Under the Federal Rules of Civil Procedure, and many state court rules, parties to litigation have an affirmative duty to cooperate with respect to discovery. Complying with this obligation often involves the disclosure of information related to preserving, collecting, filtering, and producing electronically stored information. Recent cases have found too much disclosure in the name of defending one's e-discovery honor can result in a waiver of the attorney-client and work product protections with regard to these issues. Litigants must balance these disclosure obligations against the risk of waiver of protections related to these same processes.
Rule 26(f) of the Federal Rules is the foundation of the cooperation obligation and requires that parties "confer as soon as practicable" to "discuss any issues about preserving discoverable information; and develop a proposed discovery plan." The proposed discovery plan developed should include a discussion regarding "any issues about disclosure or discovery of electronically stored information."
These cooperation requirements, which were intended to limit the time and expense committed to discovery disputes, are particularly relevant to expectations that parties and their counsel have about privilege and work product protections in an era of ever-increasing ESI. In the past, parties and their counsel could (and most often did) keep their decisions relating to relevant ESI custodians, preservation, collection and search terms private. Today, these types of decisions are expected to be shared with the other side. In fact, the Federal Rules now contemplate that, more often than not, decisions regarding ESI should result from a collaborative effort by both sides.
Courts are showing less and less tolerance for parties who fail to cooperate and collaborate about e-discovery. For example, in the case of William A. Gross Construction Associates Inc. v. American Manufacturers Mutual Insurance Co. [enhanced version available to lexis.com subscribers] a New York Magistrate Judge severely criticized the parties for wasting resources by failing to cooperate in implementing their search methods.
And the Gross Construction case is really just the "tip of the iceberg." In other recent cases, courts continue to extend the boundaries of disclosure related to ESI - even to the point of sacrificing certain privilege protections. These cases are generally in the context of disclosures made in defense of e-discovery practices. Take the case of In re Intel Corp. Microprocesser Antitrust Litig. [enhanced version]. Intel discovered that it had made some inadvertent preservation mistakes. As such, in an effort to fully cooperate with plaintiffs, Intel provided plaintiffs with individualized summaries of its preservation issues. The plaintiffs were not satisfied and moved to compel the production of the attorney notes underlying the summaries. Intel argued that the notes were protected from disclosure by the attorney-client privilege and the work product doctrine. But a Special Master concluded that Intel waived the attorney-client privilege and workproduct protection when it turned over the summaries. In essence, Intel's argument aimed at preserving documents that would, in another context, almost certainly be deemed privileged or protected as work product was severely weakened by the fact that Intel had previously tried to fulfill its duty to cooperate with regard to ESI discovery and production. In a surprisingly similar decision, the United States District Court for the Northern District of Georgia recently held that a party had waived the attorney-client privilege and work product protection for certain documents simply by providing declarations from its counsel regarding the reasonableness of its document preservation and investigation. See In re Delta/Airtran Baggage Fee Antitrust Litigation [enhanced version].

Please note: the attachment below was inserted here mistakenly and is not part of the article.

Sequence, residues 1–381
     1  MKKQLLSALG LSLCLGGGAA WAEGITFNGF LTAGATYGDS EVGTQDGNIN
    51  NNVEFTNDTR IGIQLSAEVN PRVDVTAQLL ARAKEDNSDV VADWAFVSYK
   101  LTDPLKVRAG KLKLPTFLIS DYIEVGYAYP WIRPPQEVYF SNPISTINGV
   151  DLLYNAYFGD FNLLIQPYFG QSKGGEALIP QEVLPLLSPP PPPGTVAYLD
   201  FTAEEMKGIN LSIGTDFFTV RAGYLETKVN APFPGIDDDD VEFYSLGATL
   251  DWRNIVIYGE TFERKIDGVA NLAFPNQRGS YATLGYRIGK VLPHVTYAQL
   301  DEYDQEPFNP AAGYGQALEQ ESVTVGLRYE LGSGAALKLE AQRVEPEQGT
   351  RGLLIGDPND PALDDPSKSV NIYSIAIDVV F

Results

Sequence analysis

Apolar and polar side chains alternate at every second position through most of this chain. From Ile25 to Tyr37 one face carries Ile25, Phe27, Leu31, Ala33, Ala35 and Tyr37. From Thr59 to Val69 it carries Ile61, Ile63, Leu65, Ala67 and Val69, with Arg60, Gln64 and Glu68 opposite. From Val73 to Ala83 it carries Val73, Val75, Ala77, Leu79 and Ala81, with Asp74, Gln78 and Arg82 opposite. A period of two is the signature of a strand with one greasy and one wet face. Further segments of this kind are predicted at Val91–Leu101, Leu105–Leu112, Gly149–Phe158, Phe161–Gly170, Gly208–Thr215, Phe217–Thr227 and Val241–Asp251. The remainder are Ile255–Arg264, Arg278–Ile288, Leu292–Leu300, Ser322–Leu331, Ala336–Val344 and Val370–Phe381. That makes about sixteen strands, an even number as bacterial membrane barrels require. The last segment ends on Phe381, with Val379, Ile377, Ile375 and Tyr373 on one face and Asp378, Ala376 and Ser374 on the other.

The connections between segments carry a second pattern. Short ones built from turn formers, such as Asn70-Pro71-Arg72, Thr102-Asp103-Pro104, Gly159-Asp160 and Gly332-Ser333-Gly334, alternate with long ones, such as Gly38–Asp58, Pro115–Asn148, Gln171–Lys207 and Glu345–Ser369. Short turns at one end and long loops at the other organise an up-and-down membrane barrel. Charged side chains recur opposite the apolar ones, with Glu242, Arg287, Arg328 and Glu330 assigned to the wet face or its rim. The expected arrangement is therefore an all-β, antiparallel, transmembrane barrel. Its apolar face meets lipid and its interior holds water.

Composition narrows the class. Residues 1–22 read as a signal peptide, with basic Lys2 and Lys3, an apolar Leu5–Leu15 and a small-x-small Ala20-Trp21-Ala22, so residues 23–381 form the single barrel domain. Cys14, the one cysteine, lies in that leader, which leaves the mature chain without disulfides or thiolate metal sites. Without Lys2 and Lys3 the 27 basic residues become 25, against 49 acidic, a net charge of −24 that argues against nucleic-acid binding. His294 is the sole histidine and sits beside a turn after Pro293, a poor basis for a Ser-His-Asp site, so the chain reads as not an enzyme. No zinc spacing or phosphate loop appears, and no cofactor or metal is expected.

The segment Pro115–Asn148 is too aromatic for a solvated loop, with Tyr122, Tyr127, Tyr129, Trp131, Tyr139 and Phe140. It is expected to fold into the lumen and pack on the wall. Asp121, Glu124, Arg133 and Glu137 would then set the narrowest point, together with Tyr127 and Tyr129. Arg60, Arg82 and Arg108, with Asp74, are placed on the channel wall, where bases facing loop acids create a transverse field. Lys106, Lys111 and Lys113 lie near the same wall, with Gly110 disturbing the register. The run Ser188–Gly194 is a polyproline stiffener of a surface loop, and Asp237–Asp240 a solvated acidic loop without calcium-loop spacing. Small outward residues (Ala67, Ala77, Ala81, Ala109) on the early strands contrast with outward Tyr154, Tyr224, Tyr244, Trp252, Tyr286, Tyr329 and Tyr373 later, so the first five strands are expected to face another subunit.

The problem, then, is the need to balance the legitimate desire to guard discovery strategy and preserve privilege protections with the duty to cooperate in good faith regarding ESI. This balance is complicated when a party must defend against claims that its disclosure process was flawed. One way to avoid this problem is to avoid a challenge to the discovery process by documenting agreements and cooperative efforts. But not every challenge can be avoided. Occasionally, the very disclosures and cooperative information sharing that is intended to avoid disputes can be the trigger for a challenge. Litigants need to be aware of these potential pitfalls and carefully craft agreements and protocols to avoid an unintentional waiver of a protection in the event cooperation fails or their process is challenged.
For more information, please contact Erin Graham, Alison Grounds or John Hutchins.
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